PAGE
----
Caldwell makes the note representing a particular prime last a time proportional to the size of the gap to the next prime in the sequence, divided by the natural logarithm of that prime.

Caldwell's "Prime Number Listening Guide" offers his weirdly tuneful "primes modulo 41 with prime gap tempo" and other primal sounds and even a way to make your own prime music.

There may be more to come. Caldwell has started to develop a program to play the factorizations of sequences of numbers. "The low primes are used to determine what percussion instrument to play, the next larger primes are mapped to one instrument, and the larger ones (modulo some base) are mapped to a second," he says. "If the integer is divisible by a power (greater than 1) of the prime, then that prime's 'note' is played louder."

You may one day hear more of the concert theorems that mathematicians have so painstakingly gleaned from their studies of integers and the primes.

Originally posted June 22, 1998

June 26, 2020

Warwick Castle


Warwick Castle, Warwick, England, 1975.


Photos by I.Peterson

June 25, 2020

Euler Bricks and Perfect Polyhedra

There's something about integers that makes them perfectly irresistible to many mathematicians, both amateur and professional.

Number theorists have the advantage that they can indulge their pleasure without feeling overly guilty, whether it's in the connection between Fermat's last theorem and elliptic curves or the link between random matrices and the distribution of prime numbers (see "The Mark of Zeta").

The wide use of computers has also brought attention to the realm of the discrete. Indeed, that trend was noted more than 50 years ago. In his 1963 book Combinatorial Mathematics, H.J. Ryser remarked, "Our new technology with its vital concern with the discrete has given the recreational mathematics of the past a new seriousness of purpose."

The recreational aspect is alive and well, as seen, for example, in the continuing fascination with magic squares, magic cubes, and magic tesseracts.

In a 1999 article titled "Integer Antiprisms and Integer Octahedra," published in Mathematics Magazine, Blake E. Peterson and James H. Jordan drew attention to perfect boxes and polyhedra.

Their starting point was the problem of finding a rectangular box with integer dimensions and all diagonals of integer length. Such a figure is known as a perfect box. Whether it exists is an unsolved problem.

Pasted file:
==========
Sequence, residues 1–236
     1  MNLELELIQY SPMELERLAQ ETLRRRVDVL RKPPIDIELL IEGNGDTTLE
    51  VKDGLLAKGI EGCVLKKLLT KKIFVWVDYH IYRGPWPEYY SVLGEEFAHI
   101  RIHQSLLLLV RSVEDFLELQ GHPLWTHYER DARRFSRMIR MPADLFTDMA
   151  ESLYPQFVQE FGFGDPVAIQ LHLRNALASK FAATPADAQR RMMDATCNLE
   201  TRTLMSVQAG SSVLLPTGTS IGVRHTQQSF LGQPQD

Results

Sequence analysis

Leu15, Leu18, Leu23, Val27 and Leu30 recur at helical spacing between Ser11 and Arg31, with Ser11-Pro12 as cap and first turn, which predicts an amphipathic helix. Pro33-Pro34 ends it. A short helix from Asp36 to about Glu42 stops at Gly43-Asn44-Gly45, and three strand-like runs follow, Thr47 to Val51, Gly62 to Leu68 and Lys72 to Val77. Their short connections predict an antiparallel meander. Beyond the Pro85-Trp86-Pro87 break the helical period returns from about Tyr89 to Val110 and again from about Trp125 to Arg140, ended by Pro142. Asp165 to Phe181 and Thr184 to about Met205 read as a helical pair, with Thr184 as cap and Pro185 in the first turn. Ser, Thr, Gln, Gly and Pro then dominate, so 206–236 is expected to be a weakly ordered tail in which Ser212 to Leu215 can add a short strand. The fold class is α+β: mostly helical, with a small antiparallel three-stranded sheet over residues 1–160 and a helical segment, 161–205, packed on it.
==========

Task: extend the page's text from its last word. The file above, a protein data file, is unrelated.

Leonhard Euler (1707-1783) described the smallest solution for the special case when the sides and face diagonals are all integers, but not the space diagonal passing through the box's center from one corner to its opposite. (Though Euler is often credited with its discovery, the German mathematician Paul Halcke mentioned this solution first in 1719.)


An Euler brick has integer dimensions.

Euler's "almost" perfect brick has the following dimensions: a = 240, b = 117, and c = 44. The face diagonals are 244, 125, and 267. The space diagonal is 5 times the square root of 2929.

Peterson and Jordan focused on other three-dimensional figures with integer edges and diagonals, particularly pyramids and prisms.

You can construct a pyramid by drawing a polygon (to serve as the base), then joining each vertex of the polygon to a point not in the plane of the polygon. A triangular pyramid, or tetrahedron, has a triangular base and four faces, counting the bottom.

An integer polyhedron is one in which the distance between each pair of vertices is an integer. Because the faces of an integer polyhedron must themselves be integer polygons, it's natural to use integer polygons as the building blocks of integer polyhedra, Peterson and Jordan remarked. Octahedral pyramids are a good starting point.

An octahedron has eight faces. In its most familiar form as one of the Platonic solids, each face is an equilateral triangle.


A regular octahedron, in which each face is an equilateral triangle.

An octahedral pyramid has a seven-sided heptagon as its base.


An octahedral pyramid with a heptagonal base.

To get an integer heptagon, adjacent vertices of the heptagon must lie on a circle and be separated by the following distances: 10, 16, 16, 10, 16, 16, and 16. In this case, all of the points lying along a line through this circle's center and perpendicular to the plane of the heptagon are equidistant from the polygon's vertices. You can then choose the lateral edges of the pyramid to be 17.

You can readily extend the same approach to other polyhedra, such as prisms and antiprisms. An antiprism consists of two identical polygons in parallel planes joined in such a way that all the other faces are isosceles triangles.
Example of an antiprism.

Peterson and Jordan went on to investigate interesting links between integer octahedra and integer antiprisms.

Originally posted October 25, 1999

June 24, 2020

Glastonbury Tor


Glastonbury Tor with a view of St, Michael's Tower. Glastonbury, Somerset, England, 1975.




Photos by I. Peterson

June 23, 2020

Coloring Penrose Tiles

In 1976, mathematicians Kenneth Appel and Wolfgang Haken proved the four-color theorem: Four colors are sufficient to color any map so that regions sharing a common border receive different colors.